Previous Next

Re-imagining Japan after Fukushima

Conclusion

Birmingham and McNeill (2012) summarised the confusion that the Japanese had regarding their identity following the triple disaster:

Can Tohoku recover? Inevitably, the question leads to an even more fundamental one: What sort of country does Japan want to be? The nation’s epic industrialization drive seems to have run out of steam. Its dream of energy self-sufficiency lies in ruins. Its population is aging and declining. Japan’s squabbling political leadership seems powerless to stop the nation’s slide down the economic league tables (p. 180).

This self-perception took an interesting turn as images of the cool, calm and collected response of the Japanese to the 3.11 disaster impressed the world. These images, which were imported back to Japan along with reactions of non-Japanese viewers, inspired many Japanese to live up to this ideal and restored their pride in a country that had been dwindling in global economic and technological influence during the ‘lost two decades’.

Combined with the prospect of the 2020 Tokyo Olympics and the renewed direction and hope brought by Abenomics, Japan has experienced a surge in patriotism and nationalism, which has manifested itself in some cases through extreme xenophobia and hate speech against those considered to be ‘anti-Japanese’. Both traditional values as well as modern economic and technological progress were restored as a source of pride for the country. Further, Prime Minister Abe (2013) claimed to have brought the unprecedented nuclear disasters ‘under control’ and aimed to use the opportunity to build an international reputation for the Japanese as producers and exporters of nuclear reactors and know-how (Kingston, 2013).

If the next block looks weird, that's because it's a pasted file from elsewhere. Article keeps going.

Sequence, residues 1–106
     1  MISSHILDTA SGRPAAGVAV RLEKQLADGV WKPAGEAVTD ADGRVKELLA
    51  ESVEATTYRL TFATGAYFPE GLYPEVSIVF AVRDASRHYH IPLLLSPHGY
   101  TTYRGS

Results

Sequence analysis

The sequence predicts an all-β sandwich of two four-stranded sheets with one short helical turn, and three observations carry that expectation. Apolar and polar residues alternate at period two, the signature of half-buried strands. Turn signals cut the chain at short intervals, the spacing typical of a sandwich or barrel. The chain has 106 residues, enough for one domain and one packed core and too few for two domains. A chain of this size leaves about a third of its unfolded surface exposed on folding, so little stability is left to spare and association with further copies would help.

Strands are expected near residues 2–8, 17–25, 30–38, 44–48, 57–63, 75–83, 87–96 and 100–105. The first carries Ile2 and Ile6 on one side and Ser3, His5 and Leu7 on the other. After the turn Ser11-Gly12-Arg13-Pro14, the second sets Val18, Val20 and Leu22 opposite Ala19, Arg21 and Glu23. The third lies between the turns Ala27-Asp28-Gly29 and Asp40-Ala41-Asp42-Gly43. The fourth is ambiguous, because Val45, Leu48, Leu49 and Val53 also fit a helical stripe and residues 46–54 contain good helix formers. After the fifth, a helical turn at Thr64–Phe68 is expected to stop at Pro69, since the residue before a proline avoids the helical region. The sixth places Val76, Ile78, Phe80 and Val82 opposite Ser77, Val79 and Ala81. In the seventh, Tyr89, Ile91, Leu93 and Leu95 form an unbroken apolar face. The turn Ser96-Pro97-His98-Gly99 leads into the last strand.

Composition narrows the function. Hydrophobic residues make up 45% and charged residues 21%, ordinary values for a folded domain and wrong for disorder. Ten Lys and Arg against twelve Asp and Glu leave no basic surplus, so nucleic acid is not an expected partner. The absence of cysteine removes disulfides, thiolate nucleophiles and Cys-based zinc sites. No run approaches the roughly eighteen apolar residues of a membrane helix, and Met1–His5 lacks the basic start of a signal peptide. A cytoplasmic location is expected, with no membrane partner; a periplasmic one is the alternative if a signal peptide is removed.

At the same time, criticisms against the ‘typically Japanese’ lack of transparency on the part of authorities in dealing with the Fukushima nuclear disasters and their attempt to suppress dissenting voices through a uniting official discourse (most notably under the slogan of kizuna) were what characterised other Japanese images in non-fiction discourses. Some felt that the various habits and attitudes of post-war Japanese society, such as blind trust towards authority and the safety myth of nuclear power, came crumbling down in the aftermath following the disaster. Public intellectuals emphasised that the Fukushima incident represented the end of an era that had lasted 66 years—the time was now saigo [post-disaster], as opposed to sengo [post-war]—and that Japan should step down from its position as an economic superpower and steer itself into a more sustainable future, appropriate for its ageing society. Authors such as Ōe Kenzaburō and Murakami Haruki, while condemning the response of the authorities, stressed the continuity of Japan from the legacy of Hiroshima and Nagasaki and called for Japan to live up to its identity as a ‘no-nuclear’ nation.